Before this year the violence was at the level of to two or three incidents a week throughout the state, but since February 2010 the shootings, executions, kidnappings and attacks happen every day in Tampico, Altamira, Cd Madero, Nuevo Laredo, Matamoros, Valle Hermoso, Rio Bravo, Ciudad Victoria, Cd Mante, Reynosa, the border “Frontera Chica” municipalities and rural areas of the state, says a local businessman. And he adds that after the murder of Torre Cantú the warfare between the groups has spiraled upwards.
Today, Tamaulipas citizens find out what is happening in their cities and towns through social network sites that launch exchange data and warnings when they find out that there is a confrontation. Sometimes they panic when they read a message about curfews or rumors about threats to kill school children, although the information is usually false.
When a local newspaper does publish a story on the violence it is usually ordered by one of the warring factions to discredit a rival or to discredit the Army or Marines.
Subsidiaries of Televisa in Nuevo Laredo, Matamoros and Ciudad Victoria have been under attack in the last month. The most recent was a car bomb in Ciudad Victoria immediately after the 72 murdered immigrants were discovered.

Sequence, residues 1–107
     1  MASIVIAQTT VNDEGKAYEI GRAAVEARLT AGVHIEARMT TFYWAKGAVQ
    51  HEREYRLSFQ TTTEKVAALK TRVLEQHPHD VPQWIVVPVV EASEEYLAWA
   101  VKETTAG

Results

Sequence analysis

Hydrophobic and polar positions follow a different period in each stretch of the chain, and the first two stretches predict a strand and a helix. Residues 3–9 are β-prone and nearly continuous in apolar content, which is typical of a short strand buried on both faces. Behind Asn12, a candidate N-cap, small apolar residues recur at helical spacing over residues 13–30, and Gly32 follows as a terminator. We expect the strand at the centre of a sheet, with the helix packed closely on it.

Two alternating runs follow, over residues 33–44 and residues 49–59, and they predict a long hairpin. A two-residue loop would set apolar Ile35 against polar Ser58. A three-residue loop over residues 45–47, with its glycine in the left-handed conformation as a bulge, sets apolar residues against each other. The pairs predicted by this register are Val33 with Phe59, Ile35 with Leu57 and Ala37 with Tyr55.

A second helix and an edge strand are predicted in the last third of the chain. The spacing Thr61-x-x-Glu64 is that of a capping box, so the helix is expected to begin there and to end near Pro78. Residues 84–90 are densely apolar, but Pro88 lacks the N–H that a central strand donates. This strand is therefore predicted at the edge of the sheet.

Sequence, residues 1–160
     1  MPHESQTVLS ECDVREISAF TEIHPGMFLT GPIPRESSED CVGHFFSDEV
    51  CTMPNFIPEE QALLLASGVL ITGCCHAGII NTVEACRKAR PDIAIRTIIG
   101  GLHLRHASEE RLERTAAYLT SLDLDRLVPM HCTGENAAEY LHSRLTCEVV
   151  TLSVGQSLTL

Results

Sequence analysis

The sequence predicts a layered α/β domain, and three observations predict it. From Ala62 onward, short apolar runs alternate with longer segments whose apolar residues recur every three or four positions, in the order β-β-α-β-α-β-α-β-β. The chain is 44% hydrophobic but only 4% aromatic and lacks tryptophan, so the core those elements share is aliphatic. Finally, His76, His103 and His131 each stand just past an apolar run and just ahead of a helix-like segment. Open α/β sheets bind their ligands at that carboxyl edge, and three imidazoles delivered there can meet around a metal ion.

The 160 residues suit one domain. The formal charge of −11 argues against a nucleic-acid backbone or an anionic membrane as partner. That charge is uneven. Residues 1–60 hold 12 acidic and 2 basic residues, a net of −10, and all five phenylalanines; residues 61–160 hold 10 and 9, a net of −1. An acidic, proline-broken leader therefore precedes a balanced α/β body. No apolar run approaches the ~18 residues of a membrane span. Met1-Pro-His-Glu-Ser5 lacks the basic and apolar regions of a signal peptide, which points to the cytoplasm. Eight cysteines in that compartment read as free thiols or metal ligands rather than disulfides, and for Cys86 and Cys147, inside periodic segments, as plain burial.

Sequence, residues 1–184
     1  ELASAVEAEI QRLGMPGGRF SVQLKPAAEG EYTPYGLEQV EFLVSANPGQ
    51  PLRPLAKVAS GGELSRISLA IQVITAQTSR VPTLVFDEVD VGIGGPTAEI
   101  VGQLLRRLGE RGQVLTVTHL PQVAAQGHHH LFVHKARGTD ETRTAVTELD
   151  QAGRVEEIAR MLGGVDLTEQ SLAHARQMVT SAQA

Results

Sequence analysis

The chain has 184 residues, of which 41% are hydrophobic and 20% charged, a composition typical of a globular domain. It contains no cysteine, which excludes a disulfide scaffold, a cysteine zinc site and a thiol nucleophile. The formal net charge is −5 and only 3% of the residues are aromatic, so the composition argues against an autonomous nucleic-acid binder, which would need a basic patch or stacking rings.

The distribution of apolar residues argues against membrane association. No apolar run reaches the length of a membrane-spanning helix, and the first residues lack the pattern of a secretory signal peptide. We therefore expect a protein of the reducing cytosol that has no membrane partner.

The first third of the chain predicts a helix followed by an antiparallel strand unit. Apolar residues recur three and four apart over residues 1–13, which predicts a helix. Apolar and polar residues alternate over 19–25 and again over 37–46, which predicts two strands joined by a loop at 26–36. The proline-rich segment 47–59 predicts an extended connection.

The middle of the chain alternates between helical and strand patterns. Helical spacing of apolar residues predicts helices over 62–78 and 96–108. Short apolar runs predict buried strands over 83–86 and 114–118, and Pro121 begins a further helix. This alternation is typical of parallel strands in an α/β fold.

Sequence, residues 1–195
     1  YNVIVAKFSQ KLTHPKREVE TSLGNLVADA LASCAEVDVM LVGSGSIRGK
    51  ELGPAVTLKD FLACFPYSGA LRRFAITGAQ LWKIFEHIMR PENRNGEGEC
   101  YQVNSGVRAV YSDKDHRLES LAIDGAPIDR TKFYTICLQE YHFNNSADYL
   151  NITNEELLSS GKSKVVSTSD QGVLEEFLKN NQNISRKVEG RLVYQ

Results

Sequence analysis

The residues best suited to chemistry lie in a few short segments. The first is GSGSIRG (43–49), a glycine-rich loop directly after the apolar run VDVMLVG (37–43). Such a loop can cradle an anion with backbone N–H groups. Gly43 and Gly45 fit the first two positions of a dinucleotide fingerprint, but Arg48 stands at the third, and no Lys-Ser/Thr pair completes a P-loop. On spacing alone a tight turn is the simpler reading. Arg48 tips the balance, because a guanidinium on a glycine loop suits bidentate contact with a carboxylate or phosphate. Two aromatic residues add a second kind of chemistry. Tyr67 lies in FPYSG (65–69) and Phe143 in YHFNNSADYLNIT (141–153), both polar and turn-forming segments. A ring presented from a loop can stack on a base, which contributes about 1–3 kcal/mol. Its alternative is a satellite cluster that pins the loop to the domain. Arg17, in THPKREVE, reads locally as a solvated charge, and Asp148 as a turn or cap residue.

And as freedom of information has been restricted for several years, free transit across the state has been disrupted in recent months. Now, for example, criminals place roadblocks on the roads and highways to rob or steal vehicles from their drivers. Rapes of women are also occurring in these roadblocks. The schedules and travel of Tamaulipas citizens is increasingly limited.
The lawlessness reaches even high state government officials. Undersecretary of Education, Bladimir Martinez, and Secretary of Agricultural Development, Víctor de León Ortiz, were stripped of their official vehicles by criminals.
They even took De Leon’s leather boots. (Hours later De Leon’s boots and vehicles were returned as a courtesy by the criminals).
Impact on the economy
The instability also affects the economy in Tamaulipas.
Some businesses went bankrupt because the uncertainty has aggravated the economic crisis in many areas, while others preferred to shut down because of the heavy burden of the extortions imposed on them by criminal groups to assure security.
The extortion also reaches farmers and ranchers when thugs hear that they generate revenues by selling herds or raising crops.
Combine harvester owners from Guanajuato and Jalisco who always provided their services refused to service the Tamaulipas sorghum crop this year. They said they were unwilling to pay the high extortion fees that are required for each of their machines to work.